New federal survey shows physicians positive about EHRs
Most office-based physicians who have adopted electronic health records are satisfied with the systems they have chosen and have noted improved patient care, according to a survey by the Department of Health and Human Services.
The survey, conducted by the National Center for Health Statistics (NCHS) of the Centers for Disease Control and Prevention, was released July 18.
Fifty-five percent of responding physicians indicated they had adopted at least some EHR technology in their practices. In addition, 85 percent of physicians who have adopted EHRs said they were somewhat (47 percent) or very (38 percent) satisfied with their EHR system. Additionally, a majority of the physicians said they would purchase their EHR systems again, further indicating their satisfaction with the new technology.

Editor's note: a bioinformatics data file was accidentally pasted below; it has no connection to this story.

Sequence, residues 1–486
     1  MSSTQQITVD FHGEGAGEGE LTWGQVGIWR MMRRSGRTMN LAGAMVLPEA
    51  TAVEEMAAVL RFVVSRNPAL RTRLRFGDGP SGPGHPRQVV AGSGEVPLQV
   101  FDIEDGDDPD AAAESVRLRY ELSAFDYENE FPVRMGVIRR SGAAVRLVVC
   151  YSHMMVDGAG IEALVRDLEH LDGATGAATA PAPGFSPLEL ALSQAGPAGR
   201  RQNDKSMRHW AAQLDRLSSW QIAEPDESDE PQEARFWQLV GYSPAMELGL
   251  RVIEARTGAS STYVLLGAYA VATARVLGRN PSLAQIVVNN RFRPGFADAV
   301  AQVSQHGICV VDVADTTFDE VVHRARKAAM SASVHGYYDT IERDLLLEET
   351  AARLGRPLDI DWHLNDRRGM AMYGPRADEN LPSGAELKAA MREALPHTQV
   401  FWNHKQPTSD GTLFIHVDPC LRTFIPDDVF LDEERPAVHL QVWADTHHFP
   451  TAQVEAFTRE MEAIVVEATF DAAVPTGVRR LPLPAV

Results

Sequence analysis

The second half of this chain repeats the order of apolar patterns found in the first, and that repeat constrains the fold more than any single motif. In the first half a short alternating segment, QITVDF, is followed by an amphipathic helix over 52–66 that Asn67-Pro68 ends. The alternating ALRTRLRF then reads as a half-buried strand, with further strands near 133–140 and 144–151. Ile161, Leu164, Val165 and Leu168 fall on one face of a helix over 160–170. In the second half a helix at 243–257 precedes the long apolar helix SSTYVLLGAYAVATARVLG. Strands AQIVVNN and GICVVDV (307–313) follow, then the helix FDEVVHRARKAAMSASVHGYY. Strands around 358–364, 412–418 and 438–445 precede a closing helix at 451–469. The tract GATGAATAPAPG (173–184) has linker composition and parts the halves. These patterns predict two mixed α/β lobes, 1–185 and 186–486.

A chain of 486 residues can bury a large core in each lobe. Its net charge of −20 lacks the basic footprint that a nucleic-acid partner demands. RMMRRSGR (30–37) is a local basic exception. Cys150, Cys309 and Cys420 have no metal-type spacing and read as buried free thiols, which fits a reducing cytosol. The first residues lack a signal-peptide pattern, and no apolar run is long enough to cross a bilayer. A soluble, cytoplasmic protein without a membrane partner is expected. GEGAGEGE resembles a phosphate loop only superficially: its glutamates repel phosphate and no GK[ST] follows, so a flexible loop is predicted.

[See also: Survey names top five states for physician EHR adoption .]
According to the study, three-fourths of the physicians who have adopted EHRs reported that their system meets meaningful use requirements. Also, about three-fourths of the physicians who are using EHR technology said that using their system enhanced overall patient care. Half of them said they had been alerted to critical lab results within the past 30 days by using the EHR system, and about 40 percent said they had been alerted to potential medication errors.
About three-fourths of the physicians also reported they had accessed a patient’s chart remotely within the past 30 days, which can be important to patient care when a need arises outside office hours or the doctor is offsite, the study said.
[See also: Turning the tide in EHR adoption and meaningful use.]